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Willow Johnston
April 19, 2010
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Child Labor in China- The Young Eyes of a Tortured Soul

Introduction:

Walking along the sidewalks of Singapore’s Orchard Road, I couldn’t help but look at these two small children—no higher than my thigh—running across and through the squirting fountains of Ion, bare naked, without a care in the world. I was overwhelmed with nostalgia at the sight, and in that instant, memories of my carefree childhood flooded through my head. These happy experiences, however, aren’t necessarily true for everyone else. Beneath the cloak of seeming normality, a dark shadow of childhood is revealed, the troubling issue of childhood labor.
In 1994, 48 Chinese brick kiln workers kidnapped over 100 kids, 40 of which worked for 10 hours earning nothing in return[[1]]. May 12, 2009: an article was released speaking of child labor in the Longfa Shoe Factory in the Guangdong province of China [[2]]. More recently, in February 2010, Apple admitted to use of child labor in some factories within China [[3]]. These are a couple of the many happenings involving underage children working in china.

Preadolescent labor is present globally; however, some more than others, particularly the lands of China. Since Chinas rapid economical and industrial growth during the 1900’s, a higher need for a work force to keep with the pace was required—children fit the bill, regardless of the numerous adults working. Kids under the age of 16, work for 8 to 14 hours a day [[4]], earning less than 30 US cents in total [[5]]. However, regardless of the law established against it, Child labor still exists in China and there’s no doubt that these children are massively effected in numerous ways: socially, psychologically, and economically.

Socially, these kids are impoverished of freedom and education, having further effect on them in the future. Being under the pressure of work life can affect them physiologically as well—especially under the constant abuse the children are faced with. Yet, regardless of all their work, their economical stance is hardly affected, which poses a problem. These three impacts show equally startling implications.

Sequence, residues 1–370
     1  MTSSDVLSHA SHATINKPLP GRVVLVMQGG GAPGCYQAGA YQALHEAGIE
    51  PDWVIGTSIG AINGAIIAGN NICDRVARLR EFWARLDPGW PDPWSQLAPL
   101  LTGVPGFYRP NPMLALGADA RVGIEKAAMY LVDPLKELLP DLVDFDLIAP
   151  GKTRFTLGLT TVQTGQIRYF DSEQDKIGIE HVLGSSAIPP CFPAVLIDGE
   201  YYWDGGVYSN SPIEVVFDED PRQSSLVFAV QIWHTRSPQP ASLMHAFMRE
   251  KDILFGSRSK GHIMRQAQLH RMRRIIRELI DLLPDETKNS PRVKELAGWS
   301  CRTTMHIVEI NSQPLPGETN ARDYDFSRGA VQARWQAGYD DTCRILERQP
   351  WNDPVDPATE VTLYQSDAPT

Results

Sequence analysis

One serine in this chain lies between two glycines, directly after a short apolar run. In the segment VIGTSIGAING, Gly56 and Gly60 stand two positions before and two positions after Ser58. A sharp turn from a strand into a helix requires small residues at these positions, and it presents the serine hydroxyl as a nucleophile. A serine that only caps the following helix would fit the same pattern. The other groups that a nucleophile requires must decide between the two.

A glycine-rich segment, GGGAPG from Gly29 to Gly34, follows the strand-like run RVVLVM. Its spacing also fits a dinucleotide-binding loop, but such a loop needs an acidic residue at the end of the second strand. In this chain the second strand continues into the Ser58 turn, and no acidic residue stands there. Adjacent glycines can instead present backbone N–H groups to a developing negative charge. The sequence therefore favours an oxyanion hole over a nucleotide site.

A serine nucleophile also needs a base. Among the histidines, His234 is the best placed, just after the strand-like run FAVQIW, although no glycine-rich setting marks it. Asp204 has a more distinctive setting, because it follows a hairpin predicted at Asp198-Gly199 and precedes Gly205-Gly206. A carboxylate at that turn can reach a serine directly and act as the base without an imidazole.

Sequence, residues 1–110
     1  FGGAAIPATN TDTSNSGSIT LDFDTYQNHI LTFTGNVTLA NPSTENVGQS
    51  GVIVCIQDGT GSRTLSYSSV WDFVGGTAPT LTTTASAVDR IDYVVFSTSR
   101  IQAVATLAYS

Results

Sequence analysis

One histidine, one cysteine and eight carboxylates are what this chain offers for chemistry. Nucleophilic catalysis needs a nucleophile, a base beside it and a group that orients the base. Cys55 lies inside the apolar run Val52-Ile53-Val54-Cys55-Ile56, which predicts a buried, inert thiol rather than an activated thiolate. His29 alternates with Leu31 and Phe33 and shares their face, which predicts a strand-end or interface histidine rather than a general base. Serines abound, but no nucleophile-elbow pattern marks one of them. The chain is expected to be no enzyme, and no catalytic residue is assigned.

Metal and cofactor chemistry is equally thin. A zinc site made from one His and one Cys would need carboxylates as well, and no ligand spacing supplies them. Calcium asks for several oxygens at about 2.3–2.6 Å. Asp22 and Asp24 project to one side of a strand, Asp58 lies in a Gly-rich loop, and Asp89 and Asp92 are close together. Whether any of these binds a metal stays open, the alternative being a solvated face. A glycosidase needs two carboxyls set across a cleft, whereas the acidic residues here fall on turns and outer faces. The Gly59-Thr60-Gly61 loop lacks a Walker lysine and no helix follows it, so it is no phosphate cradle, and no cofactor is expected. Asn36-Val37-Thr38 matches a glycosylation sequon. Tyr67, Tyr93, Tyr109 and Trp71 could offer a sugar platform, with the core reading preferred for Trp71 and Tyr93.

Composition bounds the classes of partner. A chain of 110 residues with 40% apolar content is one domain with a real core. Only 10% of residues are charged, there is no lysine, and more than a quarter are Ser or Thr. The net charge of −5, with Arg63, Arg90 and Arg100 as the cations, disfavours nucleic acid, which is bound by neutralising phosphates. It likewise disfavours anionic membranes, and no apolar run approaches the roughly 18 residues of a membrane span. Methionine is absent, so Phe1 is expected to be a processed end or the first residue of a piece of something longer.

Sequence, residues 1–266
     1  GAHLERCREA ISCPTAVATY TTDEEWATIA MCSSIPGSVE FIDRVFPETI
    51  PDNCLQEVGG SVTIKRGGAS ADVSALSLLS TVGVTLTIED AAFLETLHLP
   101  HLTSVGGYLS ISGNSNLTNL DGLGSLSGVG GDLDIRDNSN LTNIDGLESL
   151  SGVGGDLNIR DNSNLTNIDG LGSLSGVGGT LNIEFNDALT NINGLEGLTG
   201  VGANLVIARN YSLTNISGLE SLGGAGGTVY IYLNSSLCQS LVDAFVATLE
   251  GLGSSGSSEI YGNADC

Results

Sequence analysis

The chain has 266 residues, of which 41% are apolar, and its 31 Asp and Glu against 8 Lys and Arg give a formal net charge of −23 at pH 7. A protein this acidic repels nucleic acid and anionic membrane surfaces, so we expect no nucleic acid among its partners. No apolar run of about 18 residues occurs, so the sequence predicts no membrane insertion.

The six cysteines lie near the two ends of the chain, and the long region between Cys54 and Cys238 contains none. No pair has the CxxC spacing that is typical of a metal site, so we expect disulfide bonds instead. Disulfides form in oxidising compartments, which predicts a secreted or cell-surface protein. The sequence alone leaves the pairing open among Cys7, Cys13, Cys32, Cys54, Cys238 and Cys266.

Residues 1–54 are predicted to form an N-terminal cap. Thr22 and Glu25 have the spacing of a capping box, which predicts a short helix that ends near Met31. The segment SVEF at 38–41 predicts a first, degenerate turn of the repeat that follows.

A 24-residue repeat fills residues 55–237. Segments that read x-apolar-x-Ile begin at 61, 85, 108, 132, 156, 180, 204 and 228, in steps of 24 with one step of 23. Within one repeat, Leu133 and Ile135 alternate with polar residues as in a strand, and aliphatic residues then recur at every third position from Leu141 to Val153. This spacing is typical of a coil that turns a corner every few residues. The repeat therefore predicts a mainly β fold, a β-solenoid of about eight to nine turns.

Background:


Throughout our existence, human labor is something that was and is necessary for growth of a given nation. However, since industrialization, the demand for a cheaper work force raised—hence the start of preadolescent recruitment. With China, child labor manifested during the movement of the Great Leap Forward in the mid 1900’s. During this time everyone---including children—were required to work; but, this was only a temporary movement. Since then though, as China slowly modernized, child labor lingered, increasing over time.
According to the People’s Daily Report, these children are either forced or choose willingly to work in industries. Conditions of the workplace may vary from hazardous to livable---that work under: toy manufacturing, production, textiles, construction, food production, and light mechanical work. It is in these particular areas that use of children in these industries are the highest [[6]]. Although modernization seems like the reason of this troubling situation, the actual drive for child labor in China—as well as many other developing countries today—is poverty, and an estimated 300 million classified based on the definition of so [[7]].
Under these conditions, lifestyles for a family can be harsh, which force children to work, helping their struggling family with economical support. The money that is earned does very little to help, yet, is better than complete poverty.
This wasn’t something that went unnoticed by the UN (United Nations) and in 1919; the UN established the ILO or The International Labor Organization which specializes in dealing of global labor problems. This organization stated that of the 250 million children working globally, 61 % of them are in Asia [[8]] and within this percentile, 37 % of so are in China [[9]], continuously rising even today.

Humans Right Research Paper:
Child Labor in China- The Young Eyes of a Tortured Soul


When child labor comes to mind, the idea seems unfathomable, but the horrid truth is that preadolescent labor is existent, even today and with every passing year, it increases. What are even more startling are the certain extremities that have been taken to obtain this particular work force.